With the ever-changing status of schools and many parents working from home without childcare for the foreseeable future, it’s hard not to start spiraling. Responsibilities seem endless, the situation dire, and it seems like time to yourself has become a thing of the past…
Take a deep breath. Literally. Feel a little better?
These are trying times, but incorporating mindful practices into your daily routine can help calm anxiety and build healthy coping skills. Here are some tips from our clinicians on making mindfulness work for you and your family.
It doesn’t have to be complicated
Being mindful is what it sounds like. Taking time to focus on the present, being intentional and thoughtful about where you are and how you are feeling. Trying to center your thoughts and be in the moment. Sounds simple, but it takes work, especially now when concerns about what the future holds feel so pressing. Mindful activities can help. “Mindfulness isn’t complicated,” says Jill Emanuele, PhD, Senior Director of the Mood Disorders Center at the Child Mind Institute. Here are some simple activities she recommends:
- Squeeze Muscles: Starting at your toes, pick one muscle and squeeze it tight. Count to five. Release, and notice how your body changes. Repeat exercise moving up your body.
- Belly Breathing: Put one hand on your stomach and one hand on your chest. Slowly breathe in from your stomach (expand like a balloon) and slowly breathe out (deflate).
- Mindful Meal: Pay attention to the smell, taste and look of your food. No multitasking.
- Meditation: Sit in a relaxed, comfortable position. Pick something to focus on, like your breath. When your mind wanders, bring your attention back to your breath.
- Blowing Bubbles: Notice their shapes, textures and colors.
- Coloring: Color something. Focus on the colors and designs.
- Listening to Music: Focus on the whole song, or listen specifically to the voice or an instrument.
Make time for mindfulness
Right now much of the personal time that used to be part of our daily routines — commutes, time alone at home, going to the store — is not available. This means it’s extra important to be intentional about creating space to recharge. Deciding to set time aside each day to practice mindful activities is a great place to start, says Dr. Emanuele. “The morning, before everyone is awake, can be a great time to really ground yourself.” Morning mindfulness can help set the tone for the day. “Do deep breathing, meditate, exercise, whatever mindfulness activity works for you,” she recommends. Mindfulness doesn’t have to be elaborate: “You can try mindful eating or mindful drinking with a cup of coffee. Sit there and just be in the moment. That’s mindfulness. Taking five minutes to do that before the day begins is even more important now because this is not our typical routine and we’re going to feel very, very out of sorts.”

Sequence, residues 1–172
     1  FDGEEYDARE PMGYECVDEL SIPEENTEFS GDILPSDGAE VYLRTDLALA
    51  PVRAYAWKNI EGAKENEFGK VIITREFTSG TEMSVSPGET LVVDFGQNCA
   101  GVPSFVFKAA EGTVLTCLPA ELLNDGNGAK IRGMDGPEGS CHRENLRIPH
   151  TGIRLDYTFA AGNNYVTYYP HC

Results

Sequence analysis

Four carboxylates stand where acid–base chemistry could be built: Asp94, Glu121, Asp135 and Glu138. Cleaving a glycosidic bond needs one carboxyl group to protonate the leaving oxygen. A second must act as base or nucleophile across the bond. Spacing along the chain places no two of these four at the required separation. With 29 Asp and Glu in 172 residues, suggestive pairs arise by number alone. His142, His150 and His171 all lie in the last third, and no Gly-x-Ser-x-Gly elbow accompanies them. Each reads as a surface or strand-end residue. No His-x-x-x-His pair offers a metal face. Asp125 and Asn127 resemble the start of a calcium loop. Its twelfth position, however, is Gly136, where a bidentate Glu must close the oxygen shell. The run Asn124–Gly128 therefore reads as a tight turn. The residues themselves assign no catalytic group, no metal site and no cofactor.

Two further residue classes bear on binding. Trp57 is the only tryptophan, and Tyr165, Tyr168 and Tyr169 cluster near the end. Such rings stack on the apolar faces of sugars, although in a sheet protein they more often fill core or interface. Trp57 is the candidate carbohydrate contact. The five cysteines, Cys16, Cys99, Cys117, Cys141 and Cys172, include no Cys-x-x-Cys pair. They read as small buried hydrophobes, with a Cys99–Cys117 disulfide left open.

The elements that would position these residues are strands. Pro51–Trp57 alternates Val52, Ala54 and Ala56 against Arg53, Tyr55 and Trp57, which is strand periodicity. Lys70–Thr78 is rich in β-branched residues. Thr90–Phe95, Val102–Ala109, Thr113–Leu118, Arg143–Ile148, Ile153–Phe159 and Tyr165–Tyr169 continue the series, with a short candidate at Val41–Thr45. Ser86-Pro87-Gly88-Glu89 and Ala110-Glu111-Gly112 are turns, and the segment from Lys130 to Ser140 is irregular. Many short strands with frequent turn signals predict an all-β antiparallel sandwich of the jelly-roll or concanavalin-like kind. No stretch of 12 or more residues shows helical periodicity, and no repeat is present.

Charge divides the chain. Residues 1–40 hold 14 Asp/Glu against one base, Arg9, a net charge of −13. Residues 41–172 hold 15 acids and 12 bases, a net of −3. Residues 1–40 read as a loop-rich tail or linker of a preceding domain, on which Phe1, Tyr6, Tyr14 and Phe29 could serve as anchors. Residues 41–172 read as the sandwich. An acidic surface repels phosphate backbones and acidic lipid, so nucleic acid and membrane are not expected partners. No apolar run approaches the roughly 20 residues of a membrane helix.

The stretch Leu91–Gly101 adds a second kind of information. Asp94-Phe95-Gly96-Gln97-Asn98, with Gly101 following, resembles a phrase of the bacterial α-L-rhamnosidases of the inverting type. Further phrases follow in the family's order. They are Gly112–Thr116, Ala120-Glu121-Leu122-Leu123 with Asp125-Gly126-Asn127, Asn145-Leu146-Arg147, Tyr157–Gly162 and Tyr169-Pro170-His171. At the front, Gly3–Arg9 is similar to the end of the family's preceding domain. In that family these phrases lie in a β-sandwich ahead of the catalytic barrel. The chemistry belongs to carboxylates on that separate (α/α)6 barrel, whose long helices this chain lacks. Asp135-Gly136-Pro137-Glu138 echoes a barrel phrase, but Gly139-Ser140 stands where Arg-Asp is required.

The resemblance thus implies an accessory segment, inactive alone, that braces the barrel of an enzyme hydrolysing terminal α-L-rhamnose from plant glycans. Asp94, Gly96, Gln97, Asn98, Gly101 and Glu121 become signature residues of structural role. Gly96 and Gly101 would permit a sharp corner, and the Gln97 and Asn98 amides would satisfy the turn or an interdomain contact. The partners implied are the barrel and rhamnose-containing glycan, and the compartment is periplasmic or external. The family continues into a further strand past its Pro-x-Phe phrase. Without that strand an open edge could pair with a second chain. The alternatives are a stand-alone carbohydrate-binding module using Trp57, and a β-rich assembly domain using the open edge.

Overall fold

Right now it can feel like trying to do ten things at once is the only way anything will get done. For example, trying to fold laundry, make dinner and watch your child all while on a work call.
But, explains Joanna Stern, PsyD, a clinical psychologist at the Child Mind Institute, multitasking rarely works, and can actually increase stress. “Multitasking is a myth,” says Dr. Stern. Instead, she suggests achievable goals for the day, trying to focus on one thing at a time. For example, scheduling work calls during naptime, allowing kids to have a little extra screen time while you make dinner, or asking older children to help fold the laundry while you finish cleaning up.
Practice mindfulness as a family
Mindfulness, explains David Anderson, PhD, a clinical psychologist at the Child Mind Institute, is “Anything that helps everyone take a moment to slow down, stay present, and come together.” Designating time to practice mindful activities as a family will help everyone feel less anxious. It could be a daily family yoga session, or a quiet walk in the woods as a group, taking time to focus on the way the air feels, the sound of the birds and the smell of the trees. Another good family mindfulness idea is asking everyone to mention one good thing they heard or saw that day over dinner.
Make peace with uncertainty
This situation is one of extreme uncertainty. We don’t know what will happen, how long it will last or what things will be like when it’s over. One thing we do know, however, is that worrying about it won’t change the outcome. Learning how to tolerate the uncertainty is a huge part of building healthy coping skills for ourselves, which we then want to model for our children. “Right now it’s very easy to let your brain spin out with the frightening possibilities,” warns Dr. Anderson. “Practicing mindfulness helps bring us back to the present, and away from the brink.”